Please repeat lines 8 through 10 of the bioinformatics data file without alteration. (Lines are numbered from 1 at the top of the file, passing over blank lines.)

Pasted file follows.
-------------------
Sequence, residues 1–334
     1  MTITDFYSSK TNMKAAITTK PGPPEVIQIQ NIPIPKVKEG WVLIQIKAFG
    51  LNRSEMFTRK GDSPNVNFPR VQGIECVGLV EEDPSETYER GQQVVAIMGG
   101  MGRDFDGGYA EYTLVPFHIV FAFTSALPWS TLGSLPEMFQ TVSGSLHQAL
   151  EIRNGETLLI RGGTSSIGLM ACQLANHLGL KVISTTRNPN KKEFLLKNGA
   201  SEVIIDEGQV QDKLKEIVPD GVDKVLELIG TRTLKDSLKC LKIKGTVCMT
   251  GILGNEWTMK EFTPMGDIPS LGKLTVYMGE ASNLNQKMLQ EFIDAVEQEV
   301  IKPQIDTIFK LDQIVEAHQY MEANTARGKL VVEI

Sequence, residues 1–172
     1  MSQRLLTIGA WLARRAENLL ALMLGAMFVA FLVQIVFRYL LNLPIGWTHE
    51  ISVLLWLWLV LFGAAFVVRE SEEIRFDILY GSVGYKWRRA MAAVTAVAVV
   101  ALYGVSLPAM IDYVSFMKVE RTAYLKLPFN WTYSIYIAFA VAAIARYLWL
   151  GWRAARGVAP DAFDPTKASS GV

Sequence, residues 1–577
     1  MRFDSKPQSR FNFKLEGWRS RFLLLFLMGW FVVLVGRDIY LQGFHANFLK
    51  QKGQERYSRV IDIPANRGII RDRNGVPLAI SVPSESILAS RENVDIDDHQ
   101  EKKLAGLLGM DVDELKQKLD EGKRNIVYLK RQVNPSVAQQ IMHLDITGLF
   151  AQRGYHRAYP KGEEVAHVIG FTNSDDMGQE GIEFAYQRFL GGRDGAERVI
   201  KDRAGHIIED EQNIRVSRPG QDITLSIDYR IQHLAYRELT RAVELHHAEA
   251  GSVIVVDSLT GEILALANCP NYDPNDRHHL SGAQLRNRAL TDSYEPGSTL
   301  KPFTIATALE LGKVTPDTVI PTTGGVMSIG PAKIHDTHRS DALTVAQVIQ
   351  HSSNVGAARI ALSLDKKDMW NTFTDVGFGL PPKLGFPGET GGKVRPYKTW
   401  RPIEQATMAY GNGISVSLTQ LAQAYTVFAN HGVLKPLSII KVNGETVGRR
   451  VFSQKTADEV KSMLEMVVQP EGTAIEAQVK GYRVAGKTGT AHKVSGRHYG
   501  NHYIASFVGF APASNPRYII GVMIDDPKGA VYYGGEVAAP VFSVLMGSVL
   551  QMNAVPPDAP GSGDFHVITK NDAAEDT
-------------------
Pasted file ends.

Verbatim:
   301  IKPQIDTIFK LDQIVEAHQY MEANTARGKL VVEI

Sequence, residues 1–172
     1  MSQRLLTIGA WLARRAENLL ALMLGAMFVA FLVQIVFRYL LNLPIGWTHE